PLYMOUTH – The term is commemoration, not anniversary or birthday or celebration. Plymouth, Massachusetts 400th Commission Chairman Dusty Rhodes delivered this announcement at a press conference at the Massachusetts State House Tuesday, setting a tone of inclusion for an event that marks the landing of Mayflower, the founding of a European colony and a mutual aid relationship between English colonists and the Wampanoag Nation.
The “real, unfiltered,” history of the nation’s beginnings will be told and retold, Rhodes said, as events are held across the state to honor 1620 as a watershed year for America.
Many believe referring to the 400th anniversary of the arrival of the Pilgrim Separatists in America should not be referred to as a celebration or anniversary because these positive descripters belie the Native peoples’ experience with the European colonists, which, while it may have had initial positive impacts, in time essentially wiped out much of the Native culture and, indeed, people in America.
The event unveiled a myriad of these events, including a Maritime Salute, Wampanoag Ancestral Walk, Embarkation Festival, and indigenous history conference and many more. (See related list).
Officials, legislators, dignitaries and others flanked those seated in the State House Library, filling the green and gold room as photographers snatched shots of the speakers, Gov. Charlie Baker in particular, all of whom expressed gratitude for support of this monumental occasion that has been steadily swelling.
“I want to thank you all for contributing to this initiative,” Baker said. “I can tell you that the commonwealth will have your back as you move forward.”
Former Senate President Therese Murray, of Plymouth, paid homage to the late Rev. Peter Gomes, noting that he wrote the language that formed the state commission.
“We lost him and we lost his push for us,” she said. “But we got it back. A lot of people in Plymouth stayed on this.”
Murray thanked U.S. Sen. Ed Markey, D-Massachusetts, for his efforts to bring $14 million in federal funds to Plymouth in order to dredge the harbor, a long overdue project that will allow for larger ships and vessels to visit the Plymouth waterfront. State Rep. Vinny deMacedo, R-Plymouth, expressed his gratitude for this funding, which will enlarge and enhance tourism and economic growth in the downtown and waterfront areas of Plymouth.
Like Rhodes, Murray stressed the importance of telling the whole and complex story of the Mayflower landing and what that meant for the Native peoples as well as for the Europeans.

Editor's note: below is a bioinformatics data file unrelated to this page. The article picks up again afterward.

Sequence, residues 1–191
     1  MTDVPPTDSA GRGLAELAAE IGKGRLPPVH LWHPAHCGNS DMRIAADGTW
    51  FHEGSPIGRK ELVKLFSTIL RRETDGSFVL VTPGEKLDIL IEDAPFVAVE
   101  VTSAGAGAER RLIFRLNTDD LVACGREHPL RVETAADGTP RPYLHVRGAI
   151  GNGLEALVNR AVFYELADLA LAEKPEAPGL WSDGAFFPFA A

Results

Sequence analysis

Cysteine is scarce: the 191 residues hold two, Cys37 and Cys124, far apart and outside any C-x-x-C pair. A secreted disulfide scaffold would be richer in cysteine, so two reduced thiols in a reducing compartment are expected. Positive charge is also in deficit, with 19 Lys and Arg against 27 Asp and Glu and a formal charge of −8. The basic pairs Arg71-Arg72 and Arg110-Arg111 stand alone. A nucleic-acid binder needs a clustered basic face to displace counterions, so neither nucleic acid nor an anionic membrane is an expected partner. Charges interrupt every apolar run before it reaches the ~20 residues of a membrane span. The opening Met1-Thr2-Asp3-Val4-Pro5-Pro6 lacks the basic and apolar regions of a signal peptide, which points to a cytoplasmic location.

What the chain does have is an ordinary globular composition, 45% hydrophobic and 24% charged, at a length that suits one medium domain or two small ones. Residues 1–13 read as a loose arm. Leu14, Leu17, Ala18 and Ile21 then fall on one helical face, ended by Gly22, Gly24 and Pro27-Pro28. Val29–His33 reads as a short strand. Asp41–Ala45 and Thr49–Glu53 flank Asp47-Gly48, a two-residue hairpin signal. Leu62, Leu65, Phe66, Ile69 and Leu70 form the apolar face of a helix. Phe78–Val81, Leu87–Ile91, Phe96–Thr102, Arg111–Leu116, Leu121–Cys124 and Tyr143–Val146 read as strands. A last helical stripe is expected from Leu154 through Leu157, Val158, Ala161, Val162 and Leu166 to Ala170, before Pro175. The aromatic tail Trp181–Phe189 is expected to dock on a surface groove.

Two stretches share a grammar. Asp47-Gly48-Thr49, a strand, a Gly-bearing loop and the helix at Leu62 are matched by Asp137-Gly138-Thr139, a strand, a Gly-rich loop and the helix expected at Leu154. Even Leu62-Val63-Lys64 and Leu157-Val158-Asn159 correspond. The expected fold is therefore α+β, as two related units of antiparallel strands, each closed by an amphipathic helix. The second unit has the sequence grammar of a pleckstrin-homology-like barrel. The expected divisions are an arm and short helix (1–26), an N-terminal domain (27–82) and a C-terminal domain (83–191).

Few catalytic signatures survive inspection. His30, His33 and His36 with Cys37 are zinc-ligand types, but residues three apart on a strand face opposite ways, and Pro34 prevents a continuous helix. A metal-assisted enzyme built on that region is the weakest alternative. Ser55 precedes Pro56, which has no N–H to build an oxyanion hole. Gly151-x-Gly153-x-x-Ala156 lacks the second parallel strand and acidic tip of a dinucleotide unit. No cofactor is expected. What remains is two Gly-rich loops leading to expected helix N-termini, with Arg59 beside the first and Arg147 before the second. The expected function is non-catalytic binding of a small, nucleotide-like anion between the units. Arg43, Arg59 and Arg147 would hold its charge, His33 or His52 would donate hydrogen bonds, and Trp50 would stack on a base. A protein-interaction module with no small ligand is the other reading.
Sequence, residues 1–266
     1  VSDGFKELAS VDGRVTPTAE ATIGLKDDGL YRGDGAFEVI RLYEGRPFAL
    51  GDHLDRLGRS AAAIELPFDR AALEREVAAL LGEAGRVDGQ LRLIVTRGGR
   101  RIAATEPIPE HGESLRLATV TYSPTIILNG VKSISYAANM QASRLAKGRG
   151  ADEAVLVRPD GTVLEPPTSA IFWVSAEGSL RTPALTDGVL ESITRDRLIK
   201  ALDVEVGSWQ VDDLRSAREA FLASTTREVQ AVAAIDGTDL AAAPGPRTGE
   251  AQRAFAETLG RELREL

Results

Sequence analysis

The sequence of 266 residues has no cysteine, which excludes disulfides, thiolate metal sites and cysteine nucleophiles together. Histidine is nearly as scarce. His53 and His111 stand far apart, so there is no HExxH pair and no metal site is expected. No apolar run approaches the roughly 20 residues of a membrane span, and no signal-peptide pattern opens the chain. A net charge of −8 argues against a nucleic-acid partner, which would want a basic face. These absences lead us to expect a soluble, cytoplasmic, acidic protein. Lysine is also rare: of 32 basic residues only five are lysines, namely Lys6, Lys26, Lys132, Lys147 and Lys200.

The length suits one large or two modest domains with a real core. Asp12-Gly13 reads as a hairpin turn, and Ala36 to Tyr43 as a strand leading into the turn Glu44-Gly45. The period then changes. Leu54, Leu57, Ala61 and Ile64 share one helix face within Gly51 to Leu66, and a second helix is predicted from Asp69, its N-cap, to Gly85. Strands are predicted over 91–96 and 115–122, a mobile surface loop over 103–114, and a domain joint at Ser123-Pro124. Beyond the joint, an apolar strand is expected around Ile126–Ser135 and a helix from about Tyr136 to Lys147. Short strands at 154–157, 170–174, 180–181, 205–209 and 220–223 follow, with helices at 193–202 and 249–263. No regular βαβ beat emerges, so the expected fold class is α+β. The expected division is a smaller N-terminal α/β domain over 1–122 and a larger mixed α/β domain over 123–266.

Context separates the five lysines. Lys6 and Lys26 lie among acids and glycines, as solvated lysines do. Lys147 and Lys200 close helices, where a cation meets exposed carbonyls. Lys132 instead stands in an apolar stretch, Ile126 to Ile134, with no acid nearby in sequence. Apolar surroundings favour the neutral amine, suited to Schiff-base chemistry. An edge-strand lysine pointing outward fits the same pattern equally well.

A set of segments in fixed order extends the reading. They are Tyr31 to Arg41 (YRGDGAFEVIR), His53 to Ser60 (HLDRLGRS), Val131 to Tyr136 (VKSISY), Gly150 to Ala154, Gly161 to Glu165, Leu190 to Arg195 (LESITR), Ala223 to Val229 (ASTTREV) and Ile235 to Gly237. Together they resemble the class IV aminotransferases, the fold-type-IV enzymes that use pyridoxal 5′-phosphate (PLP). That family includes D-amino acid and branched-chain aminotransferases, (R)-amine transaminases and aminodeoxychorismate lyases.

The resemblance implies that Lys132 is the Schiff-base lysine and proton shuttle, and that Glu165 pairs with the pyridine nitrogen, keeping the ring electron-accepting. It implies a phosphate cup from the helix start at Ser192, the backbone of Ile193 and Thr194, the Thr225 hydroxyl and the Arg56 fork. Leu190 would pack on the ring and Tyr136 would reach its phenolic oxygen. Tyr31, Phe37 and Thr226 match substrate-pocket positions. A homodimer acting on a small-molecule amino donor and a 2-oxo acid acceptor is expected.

“Without the two coming together, the Pilgrims would never have made it past that first winter without the help of the Wampanoag people,” Murray said. “It’s the story of the first immigrants. As we reflect on the past, we will also embrace what this anniversary means today – a nation built by immigrants and the importance of putting aside differences for the common good.”
Plymouth 400 Inc. President Michele Pecoraro also highlighted the importance of telling the whole story of the Pilgrim and Wampanoag experience, and not just the European side of it, as she has been stating for years.
“The Native people and the English settlers left historic footprints throughout Massachusetts, from Provincetown to Mashpee, from Aquinnah to Plymouth, and right on into Boston,” Pecoraro said. “You will see that historical accuracy and cultural inclusivity are hallmarks of this 2020 commemoration.”
Pecoraro introduced the audience to Michael St. Peter, president and general manager of NBC Boston, NECN and Telemundo Boston – stations that are now broadcast media partners that will help promote the commemoration.
“Our role at this table is to be an electronic megaphone to spread the word on the spectacular series of events planned,” St. Peter said.
Massachusetts Bureau of Indian Affairs Executive Director John “Jim” Peters spoke philosophically about the coming together of Native Wampanoag people and Europeans, as America transitioned from a Native to a European nation.
“This 400 year commemoration...is an exciting opportunity to reflect on the convergence of two different human cultures – one that respected all living things evolving in harmony with our mother earth and a belief that everyone had a say, and the other escaping religious persecution subject to debt service and the colonial charter,” Peters said.
Peters struck a hopeful note on the impact this 400th Commemoration will have on generations to come. In his own words:
“This commemoration is a rare opportunity to embrace our shared history – the good, the bad – to listen to each other’s accounts, maybe even to walk in each other’s moccasins so we can look in each other’s eyes, and, with all honesty, we can say that we’re all the same, that we can make change to help mold a new legacy for our future generations.”
Follow Emily Clark on Twitter @emilyOCM.